Hoeven Brings Interior Assistant Secretary to ND, Pushes for States-First Approach to Stream Buffer Rule
Interior Needs to Allow States More Flexibility to Account for Differences
BEULAH, N.D. – Senator John Hoeven today hosted Interior Department Assistant Secretary for Land and Minerals Management Janice Schneider for meetings with state and mining industry leaders to show her firsthand the impact of the agency’s proposed Stream Buffer rule and to push Interior to work with the states to find a rule that is workable in North Dakota and protects water quality, jobs and the economy. Hoeven also pressed Schneider to send Office of Surface Mining personnel to meet with the North Dakota Public Service Commission (PSC) to fix the rule.
The senator also hosted Schneider on a tour of the Freedom Mine in Beulah so that she could see firsthand the state’s good stewardship of the land and water and the differences between North Dakota mining and reclamation operations and those elsewhere in the country.
“We are making the case to the secretary that a one-size-fits-all approach to regulating mining activities just doesn’t work for North Dakota and that she should work with states to allow flexibility based on local factors,” Hoeven said. “The rule will impact the energy industry across the nation, but it is based primarily on coal mining in the Appalachian region. Because of the many differences in mining techniques, land reclamation and geography throughout the country, the rule will result in unnecessary costs and job losses without any environmental benefits for states like North Dakota.”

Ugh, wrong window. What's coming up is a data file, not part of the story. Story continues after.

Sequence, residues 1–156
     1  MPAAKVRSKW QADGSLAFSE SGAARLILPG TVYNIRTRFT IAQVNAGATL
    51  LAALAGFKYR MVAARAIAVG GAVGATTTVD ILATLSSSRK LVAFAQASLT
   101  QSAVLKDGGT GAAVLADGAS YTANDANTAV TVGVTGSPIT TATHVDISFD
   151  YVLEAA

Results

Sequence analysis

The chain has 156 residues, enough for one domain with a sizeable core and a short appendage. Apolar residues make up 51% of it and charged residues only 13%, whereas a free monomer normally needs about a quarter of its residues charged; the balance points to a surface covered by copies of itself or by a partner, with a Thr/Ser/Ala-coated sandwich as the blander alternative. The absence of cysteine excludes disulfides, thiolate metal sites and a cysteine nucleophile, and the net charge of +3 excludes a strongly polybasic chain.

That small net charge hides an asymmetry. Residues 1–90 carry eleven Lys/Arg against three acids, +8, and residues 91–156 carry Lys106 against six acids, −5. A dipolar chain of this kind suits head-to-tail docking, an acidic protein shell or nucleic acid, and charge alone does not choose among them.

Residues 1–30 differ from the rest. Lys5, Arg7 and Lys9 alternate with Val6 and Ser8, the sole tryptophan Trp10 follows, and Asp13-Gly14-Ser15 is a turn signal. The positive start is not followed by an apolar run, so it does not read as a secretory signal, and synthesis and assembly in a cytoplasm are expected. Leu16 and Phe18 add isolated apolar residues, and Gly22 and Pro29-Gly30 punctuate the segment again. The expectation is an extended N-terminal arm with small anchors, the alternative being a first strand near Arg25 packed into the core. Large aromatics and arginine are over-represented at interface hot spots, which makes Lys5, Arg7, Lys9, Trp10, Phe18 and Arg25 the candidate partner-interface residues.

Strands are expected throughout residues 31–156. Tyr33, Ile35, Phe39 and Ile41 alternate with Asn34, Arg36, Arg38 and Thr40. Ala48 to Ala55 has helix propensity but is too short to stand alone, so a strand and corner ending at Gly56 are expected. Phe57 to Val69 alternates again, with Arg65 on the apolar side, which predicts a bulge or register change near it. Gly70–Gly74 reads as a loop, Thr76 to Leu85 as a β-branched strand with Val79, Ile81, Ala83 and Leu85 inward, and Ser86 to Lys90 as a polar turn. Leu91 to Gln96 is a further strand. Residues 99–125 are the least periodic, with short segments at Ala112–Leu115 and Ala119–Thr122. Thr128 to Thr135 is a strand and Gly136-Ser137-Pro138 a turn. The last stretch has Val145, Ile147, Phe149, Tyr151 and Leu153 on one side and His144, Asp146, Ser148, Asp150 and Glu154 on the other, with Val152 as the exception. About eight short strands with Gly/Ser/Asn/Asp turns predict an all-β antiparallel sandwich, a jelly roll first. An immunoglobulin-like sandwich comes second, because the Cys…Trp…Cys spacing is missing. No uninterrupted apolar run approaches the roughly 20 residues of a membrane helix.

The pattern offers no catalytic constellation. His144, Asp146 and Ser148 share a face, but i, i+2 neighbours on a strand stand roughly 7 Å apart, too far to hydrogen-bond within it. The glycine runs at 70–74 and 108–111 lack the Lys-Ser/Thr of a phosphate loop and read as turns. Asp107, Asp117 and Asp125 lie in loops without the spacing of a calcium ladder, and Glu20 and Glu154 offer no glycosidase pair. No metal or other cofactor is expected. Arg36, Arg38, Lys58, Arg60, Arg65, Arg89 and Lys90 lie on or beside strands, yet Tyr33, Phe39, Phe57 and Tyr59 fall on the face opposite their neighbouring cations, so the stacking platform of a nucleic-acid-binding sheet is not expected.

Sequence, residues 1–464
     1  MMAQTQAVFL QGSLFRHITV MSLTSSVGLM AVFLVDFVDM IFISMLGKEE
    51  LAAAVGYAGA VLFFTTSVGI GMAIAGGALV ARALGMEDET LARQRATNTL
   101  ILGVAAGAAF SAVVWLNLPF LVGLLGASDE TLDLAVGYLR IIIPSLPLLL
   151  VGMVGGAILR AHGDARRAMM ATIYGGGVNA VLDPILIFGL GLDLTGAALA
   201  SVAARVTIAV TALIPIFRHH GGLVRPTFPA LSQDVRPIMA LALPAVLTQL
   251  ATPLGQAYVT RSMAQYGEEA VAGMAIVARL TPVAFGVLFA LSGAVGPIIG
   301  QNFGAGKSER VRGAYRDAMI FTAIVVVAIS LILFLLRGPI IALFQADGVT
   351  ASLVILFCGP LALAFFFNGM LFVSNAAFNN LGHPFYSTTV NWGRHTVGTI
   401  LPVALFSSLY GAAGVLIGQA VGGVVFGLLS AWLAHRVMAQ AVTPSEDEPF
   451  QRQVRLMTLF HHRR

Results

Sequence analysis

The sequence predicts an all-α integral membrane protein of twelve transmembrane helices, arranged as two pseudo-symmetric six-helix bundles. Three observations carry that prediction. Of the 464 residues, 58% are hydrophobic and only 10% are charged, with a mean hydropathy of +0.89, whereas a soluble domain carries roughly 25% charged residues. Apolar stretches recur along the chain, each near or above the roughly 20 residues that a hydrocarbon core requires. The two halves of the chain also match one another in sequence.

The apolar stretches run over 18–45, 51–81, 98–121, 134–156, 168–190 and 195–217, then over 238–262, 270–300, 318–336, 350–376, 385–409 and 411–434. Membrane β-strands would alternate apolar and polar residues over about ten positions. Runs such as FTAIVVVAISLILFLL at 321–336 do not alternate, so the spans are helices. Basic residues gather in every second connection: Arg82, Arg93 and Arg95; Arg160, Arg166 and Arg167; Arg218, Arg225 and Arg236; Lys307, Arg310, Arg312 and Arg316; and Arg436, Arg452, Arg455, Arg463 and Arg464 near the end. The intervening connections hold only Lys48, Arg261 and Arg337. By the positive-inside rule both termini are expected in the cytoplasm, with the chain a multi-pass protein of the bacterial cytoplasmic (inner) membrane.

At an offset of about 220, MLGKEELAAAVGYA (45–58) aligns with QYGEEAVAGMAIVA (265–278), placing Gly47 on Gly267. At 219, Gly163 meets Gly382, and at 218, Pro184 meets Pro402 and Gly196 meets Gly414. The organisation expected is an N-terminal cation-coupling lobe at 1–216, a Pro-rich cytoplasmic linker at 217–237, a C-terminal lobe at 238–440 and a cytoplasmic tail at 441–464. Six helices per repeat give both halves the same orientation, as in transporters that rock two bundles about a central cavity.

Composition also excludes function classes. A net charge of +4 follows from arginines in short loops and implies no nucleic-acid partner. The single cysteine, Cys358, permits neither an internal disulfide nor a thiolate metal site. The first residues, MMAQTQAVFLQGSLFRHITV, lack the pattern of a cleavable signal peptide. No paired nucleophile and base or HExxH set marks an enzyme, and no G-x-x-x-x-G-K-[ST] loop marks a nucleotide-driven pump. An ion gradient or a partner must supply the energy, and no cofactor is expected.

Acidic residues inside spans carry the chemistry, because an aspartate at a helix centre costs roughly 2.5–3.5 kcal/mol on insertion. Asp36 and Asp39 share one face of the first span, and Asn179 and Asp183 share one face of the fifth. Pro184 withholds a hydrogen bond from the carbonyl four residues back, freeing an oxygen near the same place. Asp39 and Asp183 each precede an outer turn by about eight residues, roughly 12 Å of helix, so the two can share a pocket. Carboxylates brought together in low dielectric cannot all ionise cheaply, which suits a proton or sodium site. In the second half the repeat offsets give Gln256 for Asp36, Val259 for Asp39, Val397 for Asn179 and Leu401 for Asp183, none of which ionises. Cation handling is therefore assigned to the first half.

Hoeven invited Schneider to the state in the course of an Energy Committee hearing on the proposed Stream Buffer Rule, which the Department of Interior issued last July. He said she needed to come to the state to hear local concerns and learn about our industrial and environmental practices, which she agreed to do.
Hoeven Efforts to Address the Stream Buffer Rule
• The 2016 Interior Appropriations bill directs the Office of Surface Mining to work with states to ensure that water quality is protected while not adversely impacting jobs and the economy.
• Separately, the senator is working on legislation that will prohibit any modification of the Stream Buffer Rule, which could result in the loss of thousands of jobs in 22 states. The rule was updated in 2008 after a five-year process that included thousands of comments, two proposed rules and extensive environmental analysis from five agencies. However, last year the Obama Administration abandoned the 2008 rule even though the administration has not provided any evidence or data to justify a change to the rule.
• The senator also cosponsored bipartisan legislation to require the Secretary of the Interior to make publically available all scientific products and data relied on used to draft the new Stream Buffer Zone rule, or face delay and eventual withdrawal of the rule. The bill also prohibits the Interior Secretary from issuing a rule or determinations that needlessly duplicate or overlap with current environmental laws, such as the Clean Water Act, under the jurisdiction of other agencies and prevent duplicate regulations between federal agencies.
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